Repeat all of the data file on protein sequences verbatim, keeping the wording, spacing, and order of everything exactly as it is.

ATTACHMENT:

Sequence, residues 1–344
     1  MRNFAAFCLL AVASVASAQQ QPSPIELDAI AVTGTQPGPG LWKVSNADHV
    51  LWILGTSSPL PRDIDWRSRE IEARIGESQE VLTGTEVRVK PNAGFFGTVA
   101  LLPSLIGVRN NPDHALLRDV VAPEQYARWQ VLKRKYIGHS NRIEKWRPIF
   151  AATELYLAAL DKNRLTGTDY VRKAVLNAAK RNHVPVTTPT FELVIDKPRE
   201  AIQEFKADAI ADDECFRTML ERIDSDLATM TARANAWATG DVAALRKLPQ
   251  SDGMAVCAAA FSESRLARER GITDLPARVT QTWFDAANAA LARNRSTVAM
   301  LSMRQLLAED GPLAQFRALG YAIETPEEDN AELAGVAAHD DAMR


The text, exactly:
Sequence, residues 1–344
     1  MRNFAAFCLL AVASVASAQQ QPSPIELDAI AVTGTQPGPG LWKVSNADHV
    51  LWILGTSSPL PRDIDWRSRE IEARIGESQE VLTGTEVRVK PNAGFFGTVA
   101  LLPSLIGVRN NPDHALLRDV VAPEQYARWQ VLKRKYIGHS NRIEKWRPIF
   151  AATELYLAAL DKNRLTGTDY VRKAVLNAAK RNHVPVTTPT FELVIDKPRE
   201  AIQEFKADAI ADDECFRTML ERIDSDLATM TARANAWATG DVAALRKLPQ
   251  SDGMAVCAAA FSESRLARER GITDLPARVT QTWFDAANAA LARNRSTVAM
   301  LSMRQLLAED GPLAQFRALG YAIETPEEDN AELAGVAAHD DAMR